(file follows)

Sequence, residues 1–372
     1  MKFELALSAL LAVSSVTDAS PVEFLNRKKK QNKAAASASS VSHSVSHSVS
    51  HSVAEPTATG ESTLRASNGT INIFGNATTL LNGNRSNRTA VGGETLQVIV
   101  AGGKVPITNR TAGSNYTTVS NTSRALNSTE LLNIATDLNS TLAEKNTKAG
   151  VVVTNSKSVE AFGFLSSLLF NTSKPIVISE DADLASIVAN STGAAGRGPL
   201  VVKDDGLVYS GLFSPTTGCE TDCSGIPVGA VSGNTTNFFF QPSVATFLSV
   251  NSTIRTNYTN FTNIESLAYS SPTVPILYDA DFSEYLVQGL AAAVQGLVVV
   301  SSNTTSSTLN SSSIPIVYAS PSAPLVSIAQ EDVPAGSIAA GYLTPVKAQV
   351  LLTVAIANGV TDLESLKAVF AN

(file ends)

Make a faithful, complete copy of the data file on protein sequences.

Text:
Sequence, residues 1–372
     1  MKFELALSAL LAVSSVTDAS PVEFLNRKKK QNKAAASASS VSHSVSHSVS
    51  HSVAEPTATG ESTLRASNGT INIFGNATTL LNGNRSNRTA VGGETLQVIV
   101  AGGKVPITNR TAGSNYTTVS NTSRALNSTE LLNIATDLNS TLAEKNTKAG
   151  VVVTNSKSVE AFGFLSSLLF NTSKPIVISE DADLASIVAN STGAAGRGPL
   201  VVKDDGLVYS GLFSPTTGCE TDCSGIPVGA VSGNTTNFFF QPSVATFLSV
   251  NSTIRTNYTN FTNIESLAYS SPTVPILYDA DFSEYLVQGL AAAVQGLVVV
   301  SSNTTSSTLN SSSIPIVYAS PSAPLVSIAQ EDVPAGSIAA GYLTPVKAQV
   351  LLTVAIANGV TDLESLKAVF AN